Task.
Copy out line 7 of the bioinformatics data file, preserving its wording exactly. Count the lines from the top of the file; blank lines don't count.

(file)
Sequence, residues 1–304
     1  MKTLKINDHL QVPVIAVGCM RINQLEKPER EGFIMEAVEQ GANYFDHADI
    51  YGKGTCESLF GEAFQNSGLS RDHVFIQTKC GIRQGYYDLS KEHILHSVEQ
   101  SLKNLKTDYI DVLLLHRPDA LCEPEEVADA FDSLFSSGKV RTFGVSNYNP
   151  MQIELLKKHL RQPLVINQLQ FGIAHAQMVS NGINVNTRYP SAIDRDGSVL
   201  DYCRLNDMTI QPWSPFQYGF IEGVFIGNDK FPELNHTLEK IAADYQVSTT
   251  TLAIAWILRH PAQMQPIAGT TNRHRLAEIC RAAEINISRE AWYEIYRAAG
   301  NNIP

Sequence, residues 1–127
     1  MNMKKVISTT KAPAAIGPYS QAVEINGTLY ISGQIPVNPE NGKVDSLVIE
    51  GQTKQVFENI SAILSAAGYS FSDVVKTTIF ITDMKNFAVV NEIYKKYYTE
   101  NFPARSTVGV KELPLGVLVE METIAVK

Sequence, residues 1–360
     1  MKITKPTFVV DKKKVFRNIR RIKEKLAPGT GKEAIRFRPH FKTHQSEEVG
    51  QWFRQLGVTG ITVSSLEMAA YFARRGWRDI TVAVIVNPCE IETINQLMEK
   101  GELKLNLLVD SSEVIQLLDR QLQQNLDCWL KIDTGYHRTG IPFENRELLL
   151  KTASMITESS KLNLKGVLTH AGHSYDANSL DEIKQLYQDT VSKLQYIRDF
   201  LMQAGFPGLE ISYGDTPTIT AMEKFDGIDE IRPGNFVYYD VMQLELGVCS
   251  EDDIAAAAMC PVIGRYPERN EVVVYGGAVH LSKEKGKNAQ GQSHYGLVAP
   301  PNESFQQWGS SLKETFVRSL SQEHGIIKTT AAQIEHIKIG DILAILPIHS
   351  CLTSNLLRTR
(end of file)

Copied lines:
   251  TLAIAWILRH PAQMQPIAGT TNRHRLAEIC RAAEINISRE AWYEIYRAAG